As Buncombe holds back on short-term rental regulations, Weaverville is moving forward

Two months ago, Buncombe County decided to postpone a vote on new short-term rental regulations, but the city of Weaverville is pressing ahead with the issue.

Last week, in a 3-2 vote, the Weaverville Planning Board recommended that the City Council adopt restrictions on new short-term rentals made through websites such as Airbnb and VRBO. The Weaverville City Council has not yet set a date for the vote, but opponents plan to attend the June 24 council meeting to voice their opposition.

The latest changes come as Weaverville planners, along with officials from other parts of Buncombe County, seek to address housing availability and affordability amid skyrocketing growth and rising costs in the region.

In its June 6 recommendation to the City Council, the Weaverville Planning Board noted that it has been working on the issue for more than a year. Reference was made to a report on the impact of short-term rentals prepared by the Land of Sky Regional Council – the planning and development organization for Buncombe, Madison, Henderson and Transylvania counties – prepared after several outreach sessions with Weaverville residents.

“The Planning Board has discussed this complex topic in at least eight of its meetings since a joint meeting with the City Council on this matter on March 21, 2023, and has devoted significant time outside of these meetings to better understand these issues,” the board wrote in its recommendation to the City Council.

“Based on information gathered during Planning Board input sessions and discussions on April 2 and May 7, staff developed a set of draft regulations.”

As of November 2023, there were 2,125 housing units in Weaverville, according to a report from the Land of Sky Regional Council. Eighty-five of them are open apartments for short-term rental, which constitutes approximately 4% of the city’s housing stock.

Overall, short-term rentals accounted for approximately 4.5% of the total housing stock in 2022, according to AirDNA data provided by the Buncombe County Planning Board.

The Land of Sky Regional Council also noted in its report that average home values ​​in Weaverville increased 64% from 2017 to 2022 compared to 47% nationwide.

Supporters of restrictions on short-term rentals argued that the regulations protect the supply of affordable housing and preserve the character of neighborhoods. Opponents argued that short-term rentals were good for the local economy and that there was insufficient data to show that the properties had any significant impact on the supply of affordable housing.

The Buncombe County Planning Board has been grappling with this issue for months. In April, he slammed on the brakes, arguing that more time and community input were needed before a final vote could be taken.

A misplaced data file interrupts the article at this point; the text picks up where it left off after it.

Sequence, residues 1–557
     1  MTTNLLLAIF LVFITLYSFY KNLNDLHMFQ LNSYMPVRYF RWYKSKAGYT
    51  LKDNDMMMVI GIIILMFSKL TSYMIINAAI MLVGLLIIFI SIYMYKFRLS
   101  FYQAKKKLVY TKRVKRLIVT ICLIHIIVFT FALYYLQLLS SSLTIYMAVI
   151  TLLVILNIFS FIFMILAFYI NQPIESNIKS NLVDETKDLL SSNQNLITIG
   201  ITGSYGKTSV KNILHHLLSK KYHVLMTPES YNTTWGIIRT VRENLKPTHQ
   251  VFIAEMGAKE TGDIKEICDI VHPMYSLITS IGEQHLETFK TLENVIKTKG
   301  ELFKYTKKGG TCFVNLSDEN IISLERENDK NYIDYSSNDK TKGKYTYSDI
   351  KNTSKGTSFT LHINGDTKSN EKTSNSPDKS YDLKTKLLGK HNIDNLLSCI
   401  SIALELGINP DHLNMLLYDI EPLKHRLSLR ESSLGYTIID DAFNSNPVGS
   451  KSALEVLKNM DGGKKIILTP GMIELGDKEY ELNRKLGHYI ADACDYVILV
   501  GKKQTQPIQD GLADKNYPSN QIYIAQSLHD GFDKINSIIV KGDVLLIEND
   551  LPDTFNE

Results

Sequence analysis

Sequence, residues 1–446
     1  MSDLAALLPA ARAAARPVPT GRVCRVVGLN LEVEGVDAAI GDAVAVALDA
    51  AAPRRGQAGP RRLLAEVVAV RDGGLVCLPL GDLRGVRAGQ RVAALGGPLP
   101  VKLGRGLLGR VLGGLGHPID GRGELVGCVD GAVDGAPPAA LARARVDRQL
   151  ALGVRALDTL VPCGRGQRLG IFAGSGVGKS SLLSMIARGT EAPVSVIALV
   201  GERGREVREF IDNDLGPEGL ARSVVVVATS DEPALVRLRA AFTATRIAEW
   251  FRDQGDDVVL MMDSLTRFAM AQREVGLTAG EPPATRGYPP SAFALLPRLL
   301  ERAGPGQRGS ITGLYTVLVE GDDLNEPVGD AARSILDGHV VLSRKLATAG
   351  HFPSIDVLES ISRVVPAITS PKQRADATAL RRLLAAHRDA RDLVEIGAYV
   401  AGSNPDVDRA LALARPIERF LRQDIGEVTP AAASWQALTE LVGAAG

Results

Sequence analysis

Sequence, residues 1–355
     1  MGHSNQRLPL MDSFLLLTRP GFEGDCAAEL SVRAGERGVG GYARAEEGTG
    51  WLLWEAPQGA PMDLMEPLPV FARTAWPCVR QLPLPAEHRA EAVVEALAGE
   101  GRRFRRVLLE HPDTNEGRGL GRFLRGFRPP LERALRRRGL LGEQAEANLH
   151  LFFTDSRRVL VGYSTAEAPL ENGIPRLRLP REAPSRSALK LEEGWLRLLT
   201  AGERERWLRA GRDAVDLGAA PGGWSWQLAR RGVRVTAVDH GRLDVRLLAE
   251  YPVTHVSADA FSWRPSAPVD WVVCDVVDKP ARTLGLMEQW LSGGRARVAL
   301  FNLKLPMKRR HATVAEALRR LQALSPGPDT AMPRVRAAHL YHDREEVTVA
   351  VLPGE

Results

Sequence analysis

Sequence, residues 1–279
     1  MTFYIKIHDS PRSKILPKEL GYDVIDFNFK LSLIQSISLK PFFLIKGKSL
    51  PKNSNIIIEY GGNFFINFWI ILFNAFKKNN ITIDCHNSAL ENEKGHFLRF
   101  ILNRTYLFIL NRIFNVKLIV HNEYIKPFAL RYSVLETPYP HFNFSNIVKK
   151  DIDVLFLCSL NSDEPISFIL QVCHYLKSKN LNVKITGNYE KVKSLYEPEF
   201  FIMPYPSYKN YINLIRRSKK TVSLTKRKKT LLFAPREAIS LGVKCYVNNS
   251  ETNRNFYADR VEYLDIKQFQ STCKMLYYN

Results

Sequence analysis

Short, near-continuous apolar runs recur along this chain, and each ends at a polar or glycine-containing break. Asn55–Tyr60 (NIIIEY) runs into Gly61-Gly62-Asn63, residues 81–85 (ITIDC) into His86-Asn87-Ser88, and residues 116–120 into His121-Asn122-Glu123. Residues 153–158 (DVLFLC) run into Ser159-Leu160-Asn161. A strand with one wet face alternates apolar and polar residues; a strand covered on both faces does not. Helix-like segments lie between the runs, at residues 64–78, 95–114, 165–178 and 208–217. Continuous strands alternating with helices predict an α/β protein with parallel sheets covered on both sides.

Draft regulations recommended by the Weaverville Planning Board would limit new short-term rentals to certain neighborhoods. Similar to the Buncombe County proposal, existing short-term rental agreements will be accepted.

Buncombe County’s proposal would only apply to unincorporated parts of the county, so municipalities like Weaverville would not be affected.

In making its recommendation, the Weaverville Planning Board also noted nearly a dozen concerns expressed by board members.

The concern is that the number of short-term rentals in the city may not be enough to introduce new regulations. Others cited potential legal risks, the need for adequate enforcement resources and the possible benefits of waiting for district leaders to introduce new regulations.

Chip Craig, president of the Short-Term Rental Alliance, which opposes the regulations, said Tuesday that members of his group are mobilizing to speak out against the draft regulations for Weaverville, just as they did on the proposed restrictions in Buncombe County.

“We are not against regulations; there are some bad apples that are causing too many people in their homes or not following the safety rules.… There are some regulations that I think would help the industry,” Craig, who owns Graybeard Realty, told BPR in an interview. “But there is no real data or facts to show that the ban will do anything.”

The Land of Sky Regional Council discussed this issue in detail in its Weaverville report. It noted that the “bigger issue” may be the need for more housing supply in the city, which faces “challenges in increasing supply, such as lack of available land due to mountainous terrain and sufficient water supply.”

“It is unclear what impact short-term rentals have on affordability, but a major factor affecting housing affordability in Weaverville may be availability,” the report said.